2. It is clear that where legislation is sought to be challenged, as being unconstitutional or violative of Article 14 of the Constitution, the Court must keep in mind the principles relating to the applicability of Article 14 in relation to invalidation of legislation.
3. Keeping in mind the principles set out by the Supreme Court in Dr Subramanian Swamy (supra), we need to examine whether the present challenge to the validity of the third proviso to Section 254(2A) can be sustained. This is not a case of excessive delegation of powers and, therefore, we need not bother about the second dimension of Article 14 in its application to legislation. We are here concerned with the question of discrimination, based on an impermissible or invalid classification. It is abundantly clear that the power granted to the Tribunal to hear and entertain an appeal and to pass orders would include the ancillary power of the Tribunal to grant a stay.
4. Of course, the exercise of that power can be subjected to certain conditions. In the present case, we find that there are several conditions which have been stipulated. First of all, as per the first proviso to Section 254(2A), a stay order could be passed for a period not exceeding 180 days and the Tribunal should dispose of the appeal within that period. The second proviso stipulates that in case the appeal is not disposed of within the period of 180 days, if the delay in disposing of the appeal is not attributable to the assessee, the Tribunal has the power to extend the stay for a period not exceeding 365 days in aggregate.
5. Once again, the Tribunal is directed to dispose of the appeal within the said period of stay. The third proviso, as it stands today, stipulates that if the appeal is not disposed of within the period of 365 days, then the order of stay shall stand vacated, even if the delay in disposing of the appeal is not attributable to the assessee. While it could be argued that the condition that the stay order could be extended beyond a period of 180 days only if the delay in disposing of the appeal was not attributable to the assessee was a reasonable condition on the power of the Tribunal to the grant an order of stay, it can, by no stretch of imagination, be argued that where the assessee is not responsible for the delay in the disposal of the appeal, yet the Tribunal has no power to extend the stay beyond the period of 365 days.
6. The intention of the legislature, which has been made explicit by insertion of the words – ‘even if the delay in disposing of the appeal is not attributable to the assessee’– renders the right of appeal granted to the assessee by the statute to be illusory for no fault on the part of the assessee. The stay, which was available to him prior to the 365 days having passed, is snatched away simply because the Tribunal has, for whatever reason, not attributable to the assessee, been unable to dispose of the appeal. Take the case of delay being caused in the disposal of the appeal on the part of the revenue. Even in that case, the stay would stand vacated on the expiry of 365 days. This is despite the fact that the stay was granted by the Tribunal, in the first instance, upon considering the prima facie merits of the case through a reasoned order.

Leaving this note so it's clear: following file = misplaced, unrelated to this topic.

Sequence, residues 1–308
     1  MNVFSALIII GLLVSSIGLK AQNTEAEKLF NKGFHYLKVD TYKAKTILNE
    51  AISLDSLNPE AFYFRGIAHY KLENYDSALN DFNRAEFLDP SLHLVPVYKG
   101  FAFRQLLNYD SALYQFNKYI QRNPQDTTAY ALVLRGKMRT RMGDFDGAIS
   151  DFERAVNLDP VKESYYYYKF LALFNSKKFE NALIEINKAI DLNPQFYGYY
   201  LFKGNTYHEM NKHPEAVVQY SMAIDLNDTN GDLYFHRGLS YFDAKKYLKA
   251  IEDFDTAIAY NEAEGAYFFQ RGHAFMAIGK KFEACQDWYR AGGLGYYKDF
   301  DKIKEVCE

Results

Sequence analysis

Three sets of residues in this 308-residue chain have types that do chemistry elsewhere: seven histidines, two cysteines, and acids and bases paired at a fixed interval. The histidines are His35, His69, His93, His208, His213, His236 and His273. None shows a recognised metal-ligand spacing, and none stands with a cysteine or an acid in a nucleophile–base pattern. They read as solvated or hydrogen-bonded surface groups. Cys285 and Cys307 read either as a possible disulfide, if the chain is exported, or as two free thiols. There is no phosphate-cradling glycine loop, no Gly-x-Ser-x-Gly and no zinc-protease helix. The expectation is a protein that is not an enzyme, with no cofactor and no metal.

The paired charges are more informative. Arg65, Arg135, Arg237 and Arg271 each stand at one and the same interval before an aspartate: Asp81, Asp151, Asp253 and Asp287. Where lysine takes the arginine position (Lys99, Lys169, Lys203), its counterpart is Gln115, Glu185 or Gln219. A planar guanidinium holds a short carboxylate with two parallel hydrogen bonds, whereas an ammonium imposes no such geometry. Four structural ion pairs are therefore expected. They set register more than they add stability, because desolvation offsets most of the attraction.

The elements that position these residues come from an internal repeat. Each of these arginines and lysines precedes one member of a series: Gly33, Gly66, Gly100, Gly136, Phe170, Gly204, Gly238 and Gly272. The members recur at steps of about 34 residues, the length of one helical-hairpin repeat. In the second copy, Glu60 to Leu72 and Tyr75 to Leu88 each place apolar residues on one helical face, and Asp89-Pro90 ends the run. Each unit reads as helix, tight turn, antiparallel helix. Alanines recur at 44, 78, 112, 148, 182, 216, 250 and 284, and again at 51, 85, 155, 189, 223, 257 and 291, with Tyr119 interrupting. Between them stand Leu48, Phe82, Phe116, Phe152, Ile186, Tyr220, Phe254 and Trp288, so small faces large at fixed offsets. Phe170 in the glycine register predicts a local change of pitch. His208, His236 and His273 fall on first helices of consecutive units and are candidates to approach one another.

7. Furthermore, the petitioners are correct in their submission that unequals have been treated equally. Assessees who, after having obtained stay orders and by their conduct delay the appeal proceedings, have been treated in the same manner in which assessees, who have not, in any way, delayed the proceedings in the appeal. The two classes of assessees are distinct and cannot be clubbed together. This clubbing together has led to hostile discrimination against the assessees to whom the delay is not attributable.
8. It is for this reason that we find that the insertion of the expression – ‘even if the delay in disposing of the appeal is not attributable to the assessee’– by virtue of the Finance Act, 2008, violates the non-discrimination clause of Article 14 of the Constitution of India. The object that appeals should be heard expeditiously and that assesses should not misuse the stay orders granted in their favour by adopting delaying tactics is not at all achieved by the provision as it stands.
9. On the contrary, the clubbing together of ‘well behaved’ assesses and those who cause delay in the appeal proceedings is itself violative of Article 14 of the Constitution and has no nexus or connection with the object sought to be achieved. The said expression introduced by the Finance Act, 2008 is, therefore, struck down as being violative of Article 14 of the Constitution of India. This would revert us to the position of law as interpreted by the Bombay High Court in Narang Overseas (supra), with which we are in full agreement. Consequently, we hold that, where the delay in disposing of the appeal is not attributable to the assessee, the Tribunal has the power to grant extension of stay beyond 365 days in deserving cases. The writ petitions are allowed as above.